Wednesday, September 29, 2004

Larger issues in media merger 

In the wake of the merger of the mass-market television and free newspaper businesses of Singapore Press Holdings (SPH) and MediaCorp (see my earlier post), there have been plenty of grumblings about the loss off competition in the media industry and that therefore the merger is unjustified. Many of these grumblings come from people within the media industry, for whom the reduction in competition clearly represents a diminution of choice, whether that choice applies to employment, advertisement channel or source of entertainment or information. As their interests are being affected, it is perfectly understandable that these people should speak up to defend those interests.

What moved me to write on this issue again is Koh Buck Song’s article in The Straits Times today, which suggests that the merger neglects “larger issues”. Unfortunately, the larger issues referred to in the article — the credibility of the media — appear to be still limited to those pertaining to the media.

What seems to be forgotten is that Singapore is more than just the media industry. There is a wider economy and society to consider. To me, these are where the larger issues belong.

To consider “larger issues” is to confront the following questions:

  • When an entire industry sustains persistent losses, what is the implication to the wider economy in terms of wasted resources and potentially unmet demands in other sectors of the economy that are denied those resources?

  • When companies in an industry are perceived to suffer losses due to mismanagement and incorrect strategy, what is the role and responsibility of outsiders vis-à-vis those of management and shareholders in ensuring that the mistakes are corrected to stem those losses? Put in another way, where does private enterprise end and central planning begin?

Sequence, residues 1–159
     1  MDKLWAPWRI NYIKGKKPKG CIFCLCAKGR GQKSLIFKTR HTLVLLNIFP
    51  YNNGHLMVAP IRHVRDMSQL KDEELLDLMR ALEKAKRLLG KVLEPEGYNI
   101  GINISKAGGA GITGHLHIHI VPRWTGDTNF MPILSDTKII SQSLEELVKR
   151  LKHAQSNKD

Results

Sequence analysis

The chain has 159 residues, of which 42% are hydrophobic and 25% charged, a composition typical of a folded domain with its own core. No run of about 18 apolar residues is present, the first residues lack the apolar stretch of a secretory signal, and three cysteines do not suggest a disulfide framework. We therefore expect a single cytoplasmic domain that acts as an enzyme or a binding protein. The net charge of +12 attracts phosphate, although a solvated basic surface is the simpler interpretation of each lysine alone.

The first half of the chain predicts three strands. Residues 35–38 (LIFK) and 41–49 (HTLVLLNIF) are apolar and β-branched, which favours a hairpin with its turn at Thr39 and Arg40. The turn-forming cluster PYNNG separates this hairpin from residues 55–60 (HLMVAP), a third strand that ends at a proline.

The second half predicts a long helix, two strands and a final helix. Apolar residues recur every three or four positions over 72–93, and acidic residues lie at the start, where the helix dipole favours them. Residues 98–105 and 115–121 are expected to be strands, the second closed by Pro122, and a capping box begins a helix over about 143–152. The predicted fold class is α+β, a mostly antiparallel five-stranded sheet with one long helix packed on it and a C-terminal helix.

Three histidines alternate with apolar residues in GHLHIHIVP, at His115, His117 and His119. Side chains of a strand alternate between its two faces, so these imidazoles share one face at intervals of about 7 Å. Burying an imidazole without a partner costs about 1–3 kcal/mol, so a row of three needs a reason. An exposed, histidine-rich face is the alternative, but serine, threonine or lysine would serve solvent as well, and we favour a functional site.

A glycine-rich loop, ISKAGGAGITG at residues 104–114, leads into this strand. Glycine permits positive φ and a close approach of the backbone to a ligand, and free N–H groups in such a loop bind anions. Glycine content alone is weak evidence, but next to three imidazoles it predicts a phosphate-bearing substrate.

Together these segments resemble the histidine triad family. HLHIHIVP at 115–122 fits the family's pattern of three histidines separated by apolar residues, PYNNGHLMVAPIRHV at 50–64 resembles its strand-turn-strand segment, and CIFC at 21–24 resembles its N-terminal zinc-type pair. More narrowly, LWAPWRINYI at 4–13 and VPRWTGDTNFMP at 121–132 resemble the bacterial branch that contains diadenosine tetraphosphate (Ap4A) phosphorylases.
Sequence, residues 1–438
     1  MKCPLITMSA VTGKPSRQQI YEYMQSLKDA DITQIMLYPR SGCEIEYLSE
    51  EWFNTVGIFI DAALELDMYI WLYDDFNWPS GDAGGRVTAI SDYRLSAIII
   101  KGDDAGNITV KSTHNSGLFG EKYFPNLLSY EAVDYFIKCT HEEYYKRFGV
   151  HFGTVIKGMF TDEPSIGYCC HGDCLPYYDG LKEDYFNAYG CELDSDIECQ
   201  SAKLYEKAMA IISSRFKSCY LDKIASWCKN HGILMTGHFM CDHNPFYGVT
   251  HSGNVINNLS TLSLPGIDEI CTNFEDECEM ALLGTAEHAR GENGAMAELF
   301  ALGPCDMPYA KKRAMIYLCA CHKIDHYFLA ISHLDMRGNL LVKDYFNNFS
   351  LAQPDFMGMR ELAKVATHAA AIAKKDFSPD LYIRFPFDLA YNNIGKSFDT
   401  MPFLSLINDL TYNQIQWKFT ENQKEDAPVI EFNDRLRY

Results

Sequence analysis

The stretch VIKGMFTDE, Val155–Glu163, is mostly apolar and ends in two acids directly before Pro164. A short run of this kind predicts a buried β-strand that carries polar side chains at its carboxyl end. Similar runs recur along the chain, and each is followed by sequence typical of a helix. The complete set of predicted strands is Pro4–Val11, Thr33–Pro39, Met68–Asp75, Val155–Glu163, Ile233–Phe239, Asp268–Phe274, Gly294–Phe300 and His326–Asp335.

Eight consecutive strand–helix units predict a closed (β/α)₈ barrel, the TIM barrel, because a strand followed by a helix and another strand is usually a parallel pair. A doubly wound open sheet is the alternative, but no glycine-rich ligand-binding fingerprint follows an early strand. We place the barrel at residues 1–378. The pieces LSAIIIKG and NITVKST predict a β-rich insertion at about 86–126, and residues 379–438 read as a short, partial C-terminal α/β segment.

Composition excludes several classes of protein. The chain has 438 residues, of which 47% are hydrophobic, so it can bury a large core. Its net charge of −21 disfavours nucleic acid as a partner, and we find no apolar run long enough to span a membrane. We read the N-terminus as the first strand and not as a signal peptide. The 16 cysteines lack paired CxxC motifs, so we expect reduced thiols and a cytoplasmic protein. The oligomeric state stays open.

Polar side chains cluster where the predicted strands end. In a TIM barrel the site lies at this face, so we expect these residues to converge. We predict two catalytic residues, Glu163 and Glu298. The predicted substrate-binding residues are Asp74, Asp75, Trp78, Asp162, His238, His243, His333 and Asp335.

• If the losses cannot be reversed, what are the practicalities involved in forcing a company to continue operating under a loss? What happens when funds run out?

  • When an industry operates under persistent losses but benefits accrue to the country as a whole, who should bear the cost: company shareholders or taxpayers?

  • How do investors perceive a country’s business environment and react when obstacles are placed in front of companies attempting to make rational business decisions?

  • Even when considering the impact to the media industry itself, important questions still need to be asked. If the media companies are not allowed to merge but cannot stem the losses and one of them folds anyway, who would be the likely survivor? And what would be the impact to the rest of the industry and to the country if that company attains a complete monopoly of the industry?

    Looking at larger issues is fine. But let’s be clear what those issues are.


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